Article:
The Dead Sea scrolls will now be accessible for public viewing, and you don't even need to leave your home to see them.
Orchestrated under the Israel Antiques Authority (IAA) with support from Google, the Leon Levy Dead Sea Scrolls Digital Library is a free, online archive comprised of thousands of high resolution fragments. History, now, is literally brought to the homes of people everywhere, accessible by computer and smart phone.
Psalms scroll in color: a multi-spectral image of a scroll fragment from the book of Psalms. Photograph: Shai Halevi, courtesy of the IAA
As IAA General Director Shuka Dorfman says on the library's website:
"We have succeeded in recruiting the best minds and technological means to preserve this unrivaled cultural heritage treasure which belongs to all of us, so that the public with a touch of the screen will be able to freely access history in its fullest glamour."
Fragment from the Tobit scroll, an apocryphal text from Second Temple times. Photograph: Shai Halevi, courtesy of the IAA
IAA's idea for the imaging project came about at the 60th anniversary of the scrolls' discovery in 2007, curator and project head Pnina Shor told The Huffington Post. It soon became a collaborative effort. Former NASA physicist Greg Bearman came on as a consultant; the organization hired a PhD student to develop a monitoring system; and other experts offered their talents to the project to ensure the highest quality images.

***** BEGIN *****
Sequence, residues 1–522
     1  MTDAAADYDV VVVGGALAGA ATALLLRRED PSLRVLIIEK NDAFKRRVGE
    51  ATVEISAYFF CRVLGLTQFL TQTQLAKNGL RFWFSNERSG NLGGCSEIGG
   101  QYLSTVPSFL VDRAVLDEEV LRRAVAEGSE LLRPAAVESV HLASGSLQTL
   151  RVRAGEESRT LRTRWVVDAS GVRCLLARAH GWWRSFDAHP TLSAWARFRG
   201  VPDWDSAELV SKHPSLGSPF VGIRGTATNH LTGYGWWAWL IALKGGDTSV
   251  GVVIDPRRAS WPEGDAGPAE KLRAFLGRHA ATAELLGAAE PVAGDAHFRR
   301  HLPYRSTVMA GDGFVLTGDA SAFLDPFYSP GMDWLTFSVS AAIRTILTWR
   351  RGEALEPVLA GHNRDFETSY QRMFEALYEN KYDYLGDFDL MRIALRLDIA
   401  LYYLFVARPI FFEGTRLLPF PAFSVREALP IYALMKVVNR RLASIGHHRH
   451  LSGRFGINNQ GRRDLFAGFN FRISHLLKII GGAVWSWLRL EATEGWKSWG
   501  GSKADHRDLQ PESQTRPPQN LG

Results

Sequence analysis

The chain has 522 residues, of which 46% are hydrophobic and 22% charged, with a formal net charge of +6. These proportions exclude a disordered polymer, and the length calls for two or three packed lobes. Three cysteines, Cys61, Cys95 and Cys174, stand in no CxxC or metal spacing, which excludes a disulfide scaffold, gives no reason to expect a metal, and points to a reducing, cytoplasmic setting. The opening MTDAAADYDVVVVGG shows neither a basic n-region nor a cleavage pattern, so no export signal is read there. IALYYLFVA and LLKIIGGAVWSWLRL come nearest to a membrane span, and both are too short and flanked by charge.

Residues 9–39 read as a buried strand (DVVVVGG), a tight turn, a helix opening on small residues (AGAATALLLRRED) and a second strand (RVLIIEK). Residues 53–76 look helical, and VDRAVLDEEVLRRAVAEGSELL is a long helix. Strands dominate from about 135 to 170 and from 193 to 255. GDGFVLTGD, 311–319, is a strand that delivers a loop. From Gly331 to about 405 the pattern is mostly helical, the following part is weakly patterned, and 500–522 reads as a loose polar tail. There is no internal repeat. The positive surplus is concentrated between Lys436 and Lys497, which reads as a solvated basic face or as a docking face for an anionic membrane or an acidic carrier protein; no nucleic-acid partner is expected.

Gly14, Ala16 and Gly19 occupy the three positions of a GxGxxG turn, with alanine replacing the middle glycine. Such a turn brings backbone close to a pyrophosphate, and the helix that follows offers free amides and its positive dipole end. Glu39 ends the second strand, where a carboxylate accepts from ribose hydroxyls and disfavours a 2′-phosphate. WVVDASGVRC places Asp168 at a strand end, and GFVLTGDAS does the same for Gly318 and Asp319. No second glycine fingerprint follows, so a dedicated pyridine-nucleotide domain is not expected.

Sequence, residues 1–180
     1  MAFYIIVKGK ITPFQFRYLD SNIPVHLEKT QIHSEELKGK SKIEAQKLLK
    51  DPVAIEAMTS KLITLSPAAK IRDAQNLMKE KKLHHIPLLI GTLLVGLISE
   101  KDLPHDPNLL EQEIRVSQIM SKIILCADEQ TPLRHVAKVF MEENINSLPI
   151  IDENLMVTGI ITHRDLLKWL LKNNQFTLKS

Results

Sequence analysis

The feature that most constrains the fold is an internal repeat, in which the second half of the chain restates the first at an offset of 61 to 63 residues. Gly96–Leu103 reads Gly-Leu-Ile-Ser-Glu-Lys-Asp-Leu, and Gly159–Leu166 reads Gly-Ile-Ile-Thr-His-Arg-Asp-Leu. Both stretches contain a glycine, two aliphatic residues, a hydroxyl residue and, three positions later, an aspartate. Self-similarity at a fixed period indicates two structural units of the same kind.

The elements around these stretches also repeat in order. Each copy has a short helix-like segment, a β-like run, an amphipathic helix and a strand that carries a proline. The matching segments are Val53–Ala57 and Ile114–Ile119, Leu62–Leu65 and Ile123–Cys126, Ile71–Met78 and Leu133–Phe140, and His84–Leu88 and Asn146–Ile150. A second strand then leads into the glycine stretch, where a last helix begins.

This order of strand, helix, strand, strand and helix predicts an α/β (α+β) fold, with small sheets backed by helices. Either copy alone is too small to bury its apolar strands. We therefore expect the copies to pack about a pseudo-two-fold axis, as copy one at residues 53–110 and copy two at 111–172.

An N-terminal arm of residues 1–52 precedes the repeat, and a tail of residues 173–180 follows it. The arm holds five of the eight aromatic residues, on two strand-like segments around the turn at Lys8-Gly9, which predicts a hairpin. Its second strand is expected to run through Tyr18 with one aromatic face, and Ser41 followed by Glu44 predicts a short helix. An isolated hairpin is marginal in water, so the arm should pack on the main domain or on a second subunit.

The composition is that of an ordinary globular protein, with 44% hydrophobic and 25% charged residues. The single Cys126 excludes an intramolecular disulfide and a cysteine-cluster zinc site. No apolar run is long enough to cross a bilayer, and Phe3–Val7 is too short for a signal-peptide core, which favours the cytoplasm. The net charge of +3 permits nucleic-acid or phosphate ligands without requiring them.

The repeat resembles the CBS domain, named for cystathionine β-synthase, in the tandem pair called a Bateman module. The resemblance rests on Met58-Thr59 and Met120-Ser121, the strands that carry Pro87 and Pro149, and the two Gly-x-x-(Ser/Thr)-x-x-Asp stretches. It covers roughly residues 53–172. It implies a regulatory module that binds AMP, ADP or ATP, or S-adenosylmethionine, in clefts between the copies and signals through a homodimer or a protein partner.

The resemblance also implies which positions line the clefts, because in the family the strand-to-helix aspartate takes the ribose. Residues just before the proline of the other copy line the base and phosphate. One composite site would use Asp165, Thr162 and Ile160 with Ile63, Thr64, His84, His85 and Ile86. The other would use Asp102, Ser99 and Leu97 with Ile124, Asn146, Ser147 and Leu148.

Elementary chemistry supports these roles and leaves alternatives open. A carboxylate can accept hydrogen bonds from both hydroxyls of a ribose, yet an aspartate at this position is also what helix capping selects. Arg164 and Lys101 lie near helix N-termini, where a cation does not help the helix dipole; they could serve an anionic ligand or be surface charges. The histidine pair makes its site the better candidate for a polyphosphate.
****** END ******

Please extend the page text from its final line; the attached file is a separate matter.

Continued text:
The imaging process, which spans 3 wavelengths in the visible spectrum. Photograph: Shai Halevi, courtesy of the IAA
This is a project of huge proportion, Shor explained to HuffPost. "We are imaging all of the thousands of fragments that comprise over 900 manuscripts all written 2000 years ago when both Judaism and Christianity were formalizing as two of the monotheistic religions." To these thousands of fragments, the team is also adding metadata that includes translations and historical background to the compositions, making this the most comprehensive imaging project ever undertaken with the scrolls.
A conservator examining a fragment under a microscope. Photograph: Shai Halevi, courtesy of the IAA
The archive includes fragments written in Greek, Aramaic and other languages; fragments discovered in multiple sites and including Biblical and non-Biblical content. The scroll dates range from the 3rd century BCE to the 1st century CE and include partial or complete segments from every book in the Hebrew Bible, minus the book of Esther. In addition the scrolls contain non-Biblical Jewish religious writings, and are thus considered to be fundamental to an understanding of the development of western religion.
Close up of the same Psalms scroll above. In it you can read the words “Behold how good and how pleasant it is for brethren to dwell together in unity.” Psalms 133:1. Photograph: Shai Halevi, courtesy of the IAA
The digital library "lays bare" a trove of artifacts secured in climate-controlled vaults intended to mimic the conditions of the caves that preserved the scrolls for 2,000 years. The project makes use of a new multispectral imaging system, created specially for the scrolls by Ken Boydston of MegaVision, that allows each fragment to be digitized at the highest possible resolution and in various wavelengths.
Shor expects they will complete the imaging within another two years. As she told HuffPost, "The main aim of the website is open access to the public and scholarly world alike, sharing the knowledge about the scrolls and preserving them for future generations."
CORRECTION: A previous version of this article stated that the scrolls contain a portion of every book of the Hebrew Bible, but the fragments do not include the Book of Esther.